Before a Diagnosis


Suspecting and then identifying a developmental or chronic medical condition and its cause in a child is straightforward for some patients and families, but for others the process may be difficult, take a long time, and require lots of testing and experts’ opinions. For a few children, a diagnosis may not be found or may need to wait for new scientific discoveries.
Below, we provide an introduction to the processes involved in recognizing a problem and then seeking its cause or diagnosis. At each step, we encourage families and physicians to work together, sharing concerns, knowledge, ideas, goals, and fears. Such a partnership is the foundation of the medical home model of care (see About Medical Home) and should lead to the best results for you and your child.

Identifying and Diagnosing Problems

Early identification of medical, developmental, sensory (e.g., vision or hearing), and mental health problems in children can allow early treatment or other care that can, in turn, make a big difference in outcomes for those children and their families. Key roles of a child’s primary care clinician (which we’ll refer to here as his or her medical home) include addressing parents’ concerns, monitoring for signs or symptoms, and performing screening tests for problems that have yet to result in signs or symptoms.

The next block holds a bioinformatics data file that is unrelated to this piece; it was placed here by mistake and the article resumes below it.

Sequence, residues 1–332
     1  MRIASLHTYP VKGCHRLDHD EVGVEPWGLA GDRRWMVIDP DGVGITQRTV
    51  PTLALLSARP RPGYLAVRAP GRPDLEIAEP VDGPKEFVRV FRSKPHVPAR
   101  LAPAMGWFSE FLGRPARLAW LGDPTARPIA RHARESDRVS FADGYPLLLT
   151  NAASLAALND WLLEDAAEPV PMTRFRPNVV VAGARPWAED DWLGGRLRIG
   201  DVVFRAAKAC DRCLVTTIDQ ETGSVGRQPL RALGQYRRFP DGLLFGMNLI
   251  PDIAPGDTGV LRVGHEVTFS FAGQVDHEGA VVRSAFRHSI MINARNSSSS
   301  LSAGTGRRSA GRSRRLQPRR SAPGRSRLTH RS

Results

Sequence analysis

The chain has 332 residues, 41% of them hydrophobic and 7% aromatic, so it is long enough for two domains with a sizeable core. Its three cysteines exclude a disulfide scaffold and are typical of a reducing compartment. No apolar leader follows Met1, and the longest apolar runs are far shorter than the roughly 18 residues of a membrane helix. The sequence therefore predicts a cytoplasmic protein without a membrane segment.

When a problem is suspected, whether based on parental concern, physician concern, or findings from a screening test, further testing, examination, consultation with specialists, or even hospitalization may follow.

Screening Tests

Screening tests aim to identify children who have problems or conditions that:
  • are often difficult for parents or physicians to recognize and may be uncommon or rare
  • could benefit from starting treatment or avoiding an exposure before the problem is obvious
Screening tests should be performed for all children who meet certain criteria (such as all newborns, all children born by C-section, all 4-month-olds, all adolescents with a family history of early heart attacks, etc.). They may include questionnaires to be completed by parents or patients, blood or urine tests, vision or hearing tests, ultrasound exams, skin tests, things done during physical exams, or even a set of questions asked by a child’s physician.